I wrote here back in February about the proposed new ‘named person service’ for children in Scotland. To recap, under the service, every child in Scotland under the age of 18 will have a specific ‘named person’ from the NHS or local authority appointed to look after their well-being. The functions of the ‘named person’ are to:
(1) Advise, inform or support the child or young person, or a parent of the child or young person,
(2) Help the child or young person, or a parent of the child or young person, to access a service or support, or
(3) Discuss, or raise, a matter about the child or young person with a service provider or relevant authority.
As I said in February, the scheme has stirred up a controversy between its supporters and its opponents. For what it’s worth, I felt that I would not be happy to see something similar on this side of the border.
Now those opponents have launched a legal challenge in the Scottish Court of Session, aimed at blocking the plan. The action has been brought by No To Named Persons, a campaign group opposed to the scheme.
The group have four main arguments against the scheme:
(1) That it undermines parents and permits the state unlimited access to pry into the privacy of families in their homes;
(2) That it wastes limited resources on a ‘bloated bureaucracy’, siphoning public money away from the protection of vulnerable children;
(3) That it allows the use of intrusive powers to interfere in family life, by scrapping the requirement to justify such intervention; and
(4) That it ‘blatantly breaches’ European Convention rights to privacy and family life.
The Scottish Government, on the other hand, has said that the scheme was supported by a “large majority” of respondents to a public consultation and a wide range of children’s charities and professionals “working daily to support families across the country”.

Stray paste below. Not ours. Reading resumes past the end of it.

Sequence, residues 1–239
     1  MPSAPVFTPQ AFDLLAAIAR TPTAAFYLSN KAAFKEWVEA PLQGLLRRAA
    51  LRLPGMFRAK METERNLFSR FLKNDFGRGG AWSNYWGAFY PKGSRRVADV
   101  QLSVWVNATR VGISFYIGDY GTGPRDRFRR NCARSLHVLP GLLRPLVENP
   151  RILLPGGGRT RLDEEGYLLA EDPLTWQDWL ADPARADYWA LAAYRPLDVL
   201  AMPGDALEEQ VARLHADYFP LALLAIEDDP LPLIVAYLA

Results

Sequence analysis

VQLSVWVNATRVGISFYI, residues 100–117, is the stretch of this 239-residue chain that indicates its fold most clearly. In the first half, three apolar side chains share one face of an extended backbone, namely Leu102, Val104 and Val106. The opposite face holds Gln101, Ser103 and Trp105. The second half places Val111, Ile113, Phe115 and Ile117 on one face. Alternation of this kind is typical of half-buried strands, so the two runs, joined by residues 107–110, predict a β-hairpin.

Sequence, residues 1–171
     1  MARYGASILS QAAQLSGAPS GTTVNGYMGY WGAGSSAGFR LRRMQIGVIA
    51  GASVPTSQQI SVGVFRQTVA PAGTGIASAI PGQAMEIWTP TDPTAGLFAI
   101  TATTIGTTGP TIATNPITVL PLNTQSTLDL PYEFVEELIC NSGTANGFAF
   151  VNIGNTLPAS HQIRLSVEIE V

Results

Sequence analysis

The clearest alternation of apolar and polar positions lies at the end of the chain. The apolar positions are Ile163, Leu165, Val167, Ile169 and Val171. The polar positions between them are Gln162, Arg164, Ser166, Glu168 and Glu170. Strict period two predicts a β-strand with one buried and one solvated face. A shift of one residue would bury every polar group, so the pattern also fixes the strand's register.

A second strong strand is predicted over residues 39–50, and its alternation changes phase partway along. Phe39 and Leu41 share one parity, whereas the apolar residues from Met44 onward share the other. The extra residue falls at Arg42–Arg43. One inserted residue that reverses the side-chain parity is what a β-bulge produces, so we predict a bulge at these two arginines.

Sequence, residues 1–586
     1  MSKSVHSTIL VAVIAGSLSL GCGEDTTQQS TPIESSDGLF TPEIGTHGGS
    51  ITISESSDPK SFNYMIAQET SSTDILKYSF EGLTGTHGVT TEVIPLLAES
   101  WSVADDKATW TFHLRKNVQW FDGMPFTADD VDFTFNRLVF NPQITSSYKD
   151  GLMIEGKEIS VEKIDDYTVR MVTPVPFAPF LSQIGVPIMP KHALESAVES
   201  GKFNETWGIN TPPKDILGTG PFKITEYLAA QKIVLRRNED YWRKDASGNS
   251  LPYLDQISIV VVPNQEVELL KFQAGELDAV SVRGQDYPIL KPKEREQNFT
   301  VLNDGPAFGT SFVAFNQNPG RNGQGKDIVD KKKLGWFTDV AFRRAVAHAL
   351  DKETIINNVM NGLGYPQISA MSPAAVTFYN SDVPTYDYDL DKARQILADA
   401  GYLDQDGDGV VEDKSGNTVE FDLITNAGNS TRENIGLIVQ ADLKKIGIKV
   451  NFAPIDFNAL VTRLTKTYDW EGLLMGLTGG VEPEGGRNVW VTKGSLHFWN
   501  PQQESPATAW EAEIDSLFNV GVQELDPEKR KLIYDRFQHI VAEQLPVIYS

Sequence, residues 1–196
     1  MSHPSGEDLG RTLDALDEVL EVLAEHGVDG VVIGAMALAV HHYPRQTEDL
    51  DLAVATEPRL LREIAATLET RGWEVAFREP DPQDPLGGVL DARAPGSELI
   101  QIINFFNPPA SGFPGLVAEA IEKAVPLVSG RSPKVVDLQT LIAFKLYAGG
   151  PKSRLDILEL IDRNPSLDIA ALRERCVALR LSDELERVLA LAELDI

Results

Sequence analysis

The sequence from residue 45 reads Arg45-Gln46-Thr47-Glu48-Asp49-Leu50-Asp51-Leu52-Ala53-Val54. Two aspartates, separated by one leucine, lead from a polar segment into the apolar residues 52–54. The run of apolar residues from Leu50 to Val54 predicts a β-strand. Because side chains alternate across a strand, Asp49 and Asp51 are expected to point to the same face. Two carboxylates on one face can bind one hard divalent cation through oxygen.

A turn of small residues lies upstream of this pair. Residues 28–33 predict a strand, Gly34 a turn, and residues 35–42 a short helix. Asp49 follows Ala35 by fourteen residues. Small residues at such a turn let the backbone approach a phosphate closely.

I have given the scheme further consideration, and my view has not changed. We all of course want to protect children, but my feeling is that this is a step too far.
Whilst I’m sure that most named persons will exercise their duties in a proper fashion, only becoming involved when required, there will inevitably be some who take a far more pro-active approach, interfering whenever something happens in a child’s life of which they disapprove.
We all hear stories of parents resenting the interference of social workers, feeling that they are under the threat of having their children removed from them if they do anything wrong. Having an interfering named person could have the same effect.
Which brings me to point three of the campaign’s argument. As things stand at present (the scheme is not due to come into effect until 2016), and as things stand south of the border, the authorities cannot interfere in family life without justification. The scheme does seem to do away with that protection for families, enabling the state to intervene on a whim.
Ultimately, though, I agree with the argument of human rights lawyer Aidan O’Neill QC. The primary responsibility to bring up children lies with their parents, not with the state. Whilst on the face of it the scheme seems to acknowledge that, the reality is that at best it erodes the position of the parents and at worst it reverses the roles of parents and state.